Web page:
When Google told the world on March 3 it won’t allow ad targeting or tracking based on what it calls “alternate identifiers” in inventory it sells, the dominant digital ad company left ad industry watchers wondering whether it spelled doom for companies that offer identity technologies intended to replace third-party cookies.
It’s too early to know what the true impact will be, but it appears some identifiers just won’t work in some cases for advertisers programmatically buying ads using Google’s demand-side platform. Despite the potential fallout, identity tech providers are emphasizing the positive.
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“We would agree that they [Google] won’t enable our identifier on the buy side,” said Travis Clinger, svp and head of addressability and ecosystem at LiveRamp. LiveRamp has been among the frontrunners in developing an identifier to replace the third-party cookie. The company has been pushing for publishers to get on board to accept its ID that advertisers and agencies pay a fee to receive onboarding and measurement in connection to their use of the ID.
Besides, while Google’s DSP has widespread adoption among advertisers, it is not the only DSP on the market. Clinger stressed that LiveRamp’s ID is accepted by other demand-side platforms including MediaMath. “We already have every other major DSPs transacting on identity link,” he said.
Although Clinger said Google won’t support LiveRamp’s identifier for open marketplace buys, he believes LiveRamp’s ID will still work when advertisers use Google’s Display and Video 360 DSP to buy publishers’ inventory through private marketplace deals, in part because publishers and audience buyers negotiate directly in a closed environment. However, it’s unclear if that will actually be the case.
LiveRamp is also holding out hope that Google’s ad exchange won’t be blocking its identifier altogether. Right now, Google does not support the company’s Authenticated Traffic Solution identifier technology, he said. However, Clinger pointed to a Wall Street Journal article that stated, “Companies that use parts of Google’s advertising infrastructure, such as its ad exchange, could potentially still sell ads that use their own unique identifiers.” That line suggests that, if LiveRamp can partner with Google’s ad exchange to pass its identifier to non-Google DSPs, “It enables another supply path for our publishers,” Clinger said.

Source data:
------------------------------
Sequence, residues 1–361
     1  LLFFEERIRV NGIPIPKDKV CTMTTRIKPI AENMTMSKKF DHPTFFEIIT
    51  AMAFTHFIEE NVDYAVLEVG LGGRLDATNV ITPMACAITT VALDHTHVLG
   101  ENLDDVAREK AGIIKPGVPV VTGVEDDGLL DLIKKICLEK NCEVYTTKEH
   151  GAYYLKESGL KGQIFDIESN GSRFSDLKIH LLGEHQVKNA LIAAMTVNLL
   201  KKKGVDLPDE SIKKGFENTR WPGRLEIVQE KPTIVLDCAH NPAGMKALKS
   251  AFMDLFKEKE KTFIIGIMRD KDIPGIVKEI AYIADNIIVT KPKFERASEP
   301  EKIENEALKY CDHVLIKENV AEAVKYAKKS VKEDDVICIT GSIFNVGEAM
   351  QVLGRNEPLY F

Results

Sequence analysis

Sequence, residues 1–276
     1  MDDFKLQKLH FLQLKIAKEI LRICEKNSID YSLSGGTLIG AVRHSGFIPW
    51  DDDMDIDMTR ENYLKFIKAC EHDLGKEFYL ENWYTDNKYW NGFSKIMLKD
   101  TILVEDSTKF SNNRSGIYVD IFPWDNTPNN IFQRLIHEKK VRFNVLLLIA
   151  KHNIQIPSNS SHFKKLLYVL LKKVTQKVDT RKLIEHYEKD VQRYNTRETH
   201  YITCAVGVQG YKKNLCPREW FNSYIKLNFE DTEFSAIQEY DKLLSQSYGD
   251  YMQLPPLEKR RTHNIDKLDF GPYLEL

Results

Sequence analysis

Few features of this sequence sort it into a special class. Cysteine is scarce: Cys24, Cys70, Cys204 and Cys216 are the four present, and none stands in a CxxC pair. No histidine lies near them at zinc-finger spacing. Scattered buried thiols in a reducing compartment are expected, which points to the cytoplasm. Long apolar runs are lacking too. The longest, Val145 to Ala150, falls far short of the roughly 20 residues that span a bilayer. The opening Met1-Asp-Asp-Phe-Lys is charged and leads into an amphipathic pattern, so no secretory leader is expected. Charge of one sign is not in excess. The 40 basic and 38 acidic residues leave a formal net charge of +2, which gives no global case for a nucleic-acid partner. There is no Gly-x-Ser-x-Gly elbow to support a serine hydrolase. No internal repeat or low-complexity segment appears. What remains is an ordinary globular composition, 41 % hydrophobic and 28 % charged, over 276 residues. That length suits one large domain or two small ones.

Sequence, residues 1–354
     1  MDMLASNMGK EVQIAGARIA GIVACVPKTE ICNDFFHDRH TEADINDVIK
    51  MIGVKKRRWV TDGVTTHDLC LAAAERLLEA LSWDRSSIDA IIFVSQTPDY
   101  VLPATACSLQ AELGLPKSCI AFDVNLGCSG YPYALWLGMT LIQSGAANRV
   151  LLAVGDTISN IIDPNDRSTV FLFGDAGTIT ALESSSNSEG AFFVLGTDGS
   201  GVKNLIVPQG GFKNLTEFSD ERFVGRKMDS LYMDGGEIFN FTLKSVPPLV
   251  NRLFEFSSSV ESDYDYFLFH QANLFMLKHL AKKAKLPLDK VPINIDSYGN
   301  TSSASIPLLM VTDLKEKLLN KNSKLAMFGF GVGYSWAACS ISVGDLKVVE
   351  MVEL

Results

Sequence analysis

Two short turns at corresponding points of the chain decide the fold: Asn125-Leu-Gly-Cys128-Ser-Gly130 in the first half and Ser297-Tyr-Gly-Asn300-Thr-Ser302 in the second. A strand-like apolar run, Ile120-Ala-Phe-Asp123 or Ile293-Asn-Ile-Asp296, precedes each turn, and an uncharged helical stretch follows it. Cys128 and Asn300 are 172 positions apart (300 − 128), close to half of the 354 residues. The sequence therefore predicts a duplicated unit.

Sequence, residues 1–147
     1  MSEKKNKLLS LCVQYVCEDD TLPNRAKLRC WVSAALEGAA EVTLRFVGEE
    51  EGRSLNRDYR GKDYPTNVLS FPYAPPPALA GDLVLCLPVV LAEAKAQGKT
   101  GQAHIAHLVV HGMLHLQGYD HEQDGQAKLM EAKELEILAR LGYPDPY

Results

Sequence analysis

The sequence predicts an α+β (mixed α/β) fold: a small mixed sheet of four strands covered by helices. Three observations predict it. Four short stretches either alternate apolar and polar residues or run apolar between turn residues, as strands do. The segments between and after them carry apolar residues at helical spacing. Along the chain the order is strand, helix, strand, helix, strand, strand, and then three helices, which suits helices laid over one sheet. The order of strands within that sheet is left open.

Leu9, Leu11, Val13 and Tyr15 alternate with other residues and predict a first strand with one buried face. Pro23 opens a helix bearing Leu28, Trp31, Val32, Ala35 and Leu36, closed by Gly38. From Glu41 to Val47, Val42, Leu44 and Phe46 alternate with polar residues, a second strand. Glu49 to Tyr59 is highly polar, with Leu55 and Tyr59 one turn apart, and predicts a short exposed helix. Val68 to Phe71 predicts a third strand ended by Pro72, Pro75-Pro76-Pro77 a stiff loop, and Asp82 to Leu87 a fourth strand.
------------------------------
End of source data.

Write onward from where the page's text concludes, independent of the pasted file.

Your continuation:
Chins up, stock down
Indeed, identity providers are trying to spin Google’s announcement in a positive light, even as their stock prices turn south and a lack of information clouds the identity landscape. “As you can see from the momentum around Unified ID 2.0 from all corners of the advertising industry, there is significant industry focus on building a new identity solution that preserves the value of relevant advertising while protecting consumer privacy,“ said a spokesperson from The Trade Desk, LiveRamp’s primary identity competitor, in a statement.
Tech firms, agencies and brands and publishers all suggested they aren’t entirely clear on what Google will or will not allow regarding identifiers. “Whatever formula Google will want to use, that’s the line,” said Jason Hartley, head of search, social and shopping at digital agency PMG. “It makes it easier for us to place our bets.”
Tom Kershaw, chief technology officer at ad tech firm Magnite and chairman of Prebid, which manages an open-source shared identifier, dismissed the notion that the Google news is bad for firms like LiveRamp and The Trade Desk. “None of this is true,” he said. He said that identity technologies are based on enabling personalized ads through anonymized data, which aligns with Google’s approach.
“The reason that people are so mesmerized by this release is it’s the first time [Google’s ad division] has said anything substantive in a year,” he said. He noted that Google’s decision to stop employing login data on the open web and instead use the audience cohort-based targeting methods it has put forth through its Chrome browser division was the real upshot; Google’s plan to use the same technology that it is forcing others in the industry to adopt gives the industry comfort, Kershaw said. “They should have addressed this a long time ago.”
Andrew Frank, vp and a distinguished analyst at research firm Gartner, said Google’s announcement puts pressure on marketers and publishers to evaluate the risks and benefits of cohort-based targeting compared to identifier-based tech. “Google’s affirmation of its intention to scrap user-level tracking and targeting across its ad products increases the tension between approaches like [The Trade Desk’s] Unified ID 2.0 based on consented matching of personal IDs and those based on cohort-level identification and targeting like the Privacy Sandbox,” he said.
PMG’s Hartley said the Google announcement means the agency will continue its diversified approach to how it manages advertiser client campaigns. “It’s not just looking at identity providers; it’s not just looking at a single ID. We’re looking at the whole picture.”
Seb Joseph contributed reporting to this story.
This article has been updated to reflect that Acxiom sold its marketing services to division to Interpublic Group in 2018 and rebranded as LiveRamp. It has also been changed to clarify that advertisers and agencies pay for onboarding and measurement in connection with using LiveRamp’s identifier, but not directly to use the identifier.
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